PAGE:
Thursday, July 3, 2014

Hamburgers, Hot Dogs and Holiday Pay

The Fourth of July weekend is upon us! I am sure I am not alone in trying to stay focused on work today and not on all of the fun, food, and fireworks that are in the very near future.

Does this mean an extra day off for the week? Sure does! Does this also mean that if I were employed with ABC Company that I may not be paid for my Friday off during my fun-filled holiday weekend since the office was closed for the holiday? Unfortunately it does.

I think we can all be realistic in saying that when the workplace closes for an observed holiday, regardless of the time off from work being paid or unpaid, there are very few employees that will complain about having an extra day off from work, especially if it creates a three day-weekend.

However, as personal budgets have tightened over the years and today’s employees try to make every dollar count, one day off unpaid from work doesn’t exactly make employees want to high-five their boss when returning to work after a holiday closing. Employees count on the fact that if the business is closed for an observed holiday they in turn should be paid by their employer to cover their time away from work. Holiday pay has become a pretty commonplace policy for businesses of all sizes. In fact, according to a survey conducted by the Society of Human Resources Management in 2009, 97 percent of employers paid holidays to their full-time employees.

Does this mean an employer has to offer holiday pay? The the Fair Labor Standards Act says no. As a business you are not required, at least by federal law, to offer holiday pay.

Of course if your business is a 24/7 operation and someone has to be on staff at all times this doesn’t mean because it may be an observed holiday by the company and others are off – you do not have to pay the employees working on the observed holiday. Regardless of observed holiday status or not, if an employee is working on an “observed” company holiday they have to be paid in accordance to the Fair Labor Standards Act. In fact it’s typical to see businesses actually offer incentive holiday pay for those willing to work on observed holidays (think double pay or time-and-a-half for these people sacrificing their hot dogs, hamburgers, and fireworks so their co-workers can enjoy their holiday.)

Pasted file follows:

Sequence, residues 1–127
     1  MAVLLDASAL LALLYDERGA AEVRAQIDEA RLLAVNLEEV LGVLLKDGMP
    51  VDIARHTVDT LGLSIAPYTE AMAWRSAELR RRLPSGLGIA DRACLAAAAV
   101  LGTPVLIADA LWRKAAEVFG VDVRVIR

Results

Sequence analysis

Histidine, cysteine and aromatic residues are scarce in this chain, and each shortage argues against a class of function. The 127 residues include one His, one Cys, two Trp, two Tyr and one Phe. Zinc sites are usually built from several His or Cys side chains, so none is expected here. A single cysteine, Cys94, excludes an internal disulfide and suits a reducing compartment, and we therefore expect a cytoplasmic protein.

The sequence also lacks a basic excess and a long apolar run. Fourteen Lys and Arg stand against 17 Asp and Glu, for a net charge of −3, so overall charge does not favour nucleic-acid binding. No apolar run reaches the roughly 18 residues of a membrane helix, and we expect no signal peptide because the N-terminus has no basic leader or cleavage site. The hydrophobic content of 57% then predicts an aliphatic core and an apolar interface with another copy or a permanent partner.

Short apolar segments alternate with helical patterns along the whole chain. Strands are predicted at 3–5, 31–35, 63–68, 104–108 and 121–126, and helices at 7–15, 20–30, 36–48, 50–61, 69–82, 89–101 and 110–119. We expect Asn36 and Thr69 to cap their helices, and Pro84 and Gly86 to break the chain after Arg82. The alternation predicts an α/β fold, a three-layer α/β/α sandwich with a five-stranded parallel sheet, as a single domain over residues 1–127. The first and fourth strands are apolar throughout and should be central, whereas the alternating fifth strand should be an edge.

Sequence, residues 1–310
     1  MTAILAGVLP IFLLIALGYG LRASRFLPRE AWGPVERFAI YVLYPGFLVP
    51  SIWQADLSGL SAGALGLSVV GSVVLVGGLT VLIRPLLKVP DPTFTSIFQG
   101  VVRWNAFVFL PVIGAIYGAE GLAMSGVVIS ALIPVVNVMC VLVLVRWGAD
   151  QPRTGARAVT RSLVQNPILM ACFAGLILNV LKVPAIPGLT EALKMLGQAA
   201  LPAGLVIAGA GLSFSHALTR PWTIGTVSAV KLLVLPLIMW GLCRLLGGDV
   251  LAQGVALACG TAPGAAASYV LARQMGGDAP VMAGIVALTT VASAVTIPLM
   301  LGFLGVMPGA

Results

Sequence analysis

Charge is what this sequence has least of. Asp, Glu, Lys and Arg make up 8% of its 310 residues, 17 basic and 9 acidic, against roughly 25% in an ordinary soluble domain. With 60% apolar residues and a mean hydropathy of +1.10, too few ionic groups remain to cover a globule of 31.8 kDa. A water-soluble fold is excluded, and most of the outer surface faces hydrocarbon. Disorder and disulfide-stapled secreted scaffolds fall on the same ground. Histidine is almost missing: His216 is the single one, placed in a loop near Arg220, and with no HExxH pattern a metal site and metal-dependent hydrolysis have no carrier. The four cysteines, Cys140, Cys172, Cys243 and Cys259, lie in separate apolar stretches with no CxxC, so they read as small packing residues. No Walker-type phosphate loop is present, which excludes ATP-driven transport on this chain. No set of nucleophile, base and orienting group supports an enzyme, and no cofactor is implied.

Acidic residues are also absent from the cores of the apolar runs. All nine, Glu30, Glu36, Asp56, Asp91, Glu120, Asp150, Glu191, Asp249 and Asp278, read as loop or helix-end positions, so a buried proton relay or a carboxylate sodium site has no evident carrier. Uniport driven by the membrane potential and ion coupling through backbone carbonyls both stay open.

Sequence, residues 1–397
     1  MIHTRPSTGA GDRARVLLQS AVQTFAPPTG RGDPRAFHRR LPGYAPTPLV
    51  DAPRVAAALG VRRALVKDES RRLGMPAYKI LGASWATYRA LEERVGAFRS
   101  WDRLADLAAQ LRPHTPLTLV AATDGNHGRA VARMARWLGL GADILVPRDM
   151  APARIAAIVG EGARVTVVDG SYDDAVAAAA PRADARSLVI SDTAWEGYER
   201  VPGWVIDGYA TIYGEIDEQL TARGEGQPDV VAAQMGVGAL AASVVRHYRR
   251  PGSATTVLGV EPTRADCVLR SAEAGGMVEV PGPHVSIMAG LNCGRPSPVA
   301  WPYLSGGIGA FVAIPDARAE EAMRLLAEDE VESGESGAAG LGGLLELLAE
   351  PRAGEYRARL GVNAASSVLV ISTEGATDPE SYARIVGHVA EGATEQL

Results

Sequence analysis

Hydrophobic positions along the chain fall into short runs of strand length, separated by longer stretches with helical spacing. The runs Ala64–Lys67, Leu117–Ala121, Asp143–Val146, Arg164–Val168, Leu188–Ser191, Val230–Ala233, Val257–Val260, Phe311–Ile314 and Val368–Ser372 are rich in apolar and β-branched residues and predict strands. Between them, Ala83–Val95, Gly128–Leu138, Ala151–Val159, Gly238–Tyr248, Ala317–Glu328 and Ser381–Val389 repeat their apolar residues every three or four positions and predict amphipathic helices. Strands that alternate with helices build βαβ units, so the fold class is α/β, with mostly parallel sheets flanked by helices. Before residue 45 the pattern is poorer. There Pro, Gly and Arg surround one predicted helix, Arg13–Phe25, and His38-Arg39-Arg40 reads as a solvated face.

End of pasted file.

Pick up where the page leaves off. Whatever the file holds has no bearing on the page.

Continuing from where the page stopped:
I were to give you any great Independence Day advice it would be that offering holiday pay will help dissipate any workplace fireworks that may be set off by trying to save a few dollars wages. Trust me when I say if you don’t pay your employees holiday pay for observed holidays there are likely to be discussions among your employees about how financially frugal your business is.

Since federal law does not dictate what an employer does or doesn’t have to pay in regards to holiday pay, businesses have the opportunity and flexibility to create a holiday pay policy that works for them and their employees. Employers are able to determine eligibility requirements (probationary status, full-time/part-time), what holidays are observed, what happens if a holiday falls on a weekend, exclusions for holiday pay (bonus, commissions, etc), shifts required to be worked before/after the holiday, and other specifics. Of course all of these have to be uniformly implemented and maintained by management, but I can promise you it’s not that hard.

Also, another great unknown benefit about holiday pay for employers (not so much for employees looking for some extra holiday cash) is any holiday pay paid to employees cannot be counted towards overtime calculations.

Holiday pay is an inexpensive way to show employees a business cares by offering employees time off with pay to enjoy the holiday celebrating with family and friends. Businesses that fail to see the value in offering this benefit to employees more than likely will see a parade of employees walking out the door – signing their individual "Declaration of Independence" letters on their way out.

Monica Bitrick is the CEO of Bitrick Consulting Group, a human resources company in Idaho Falls.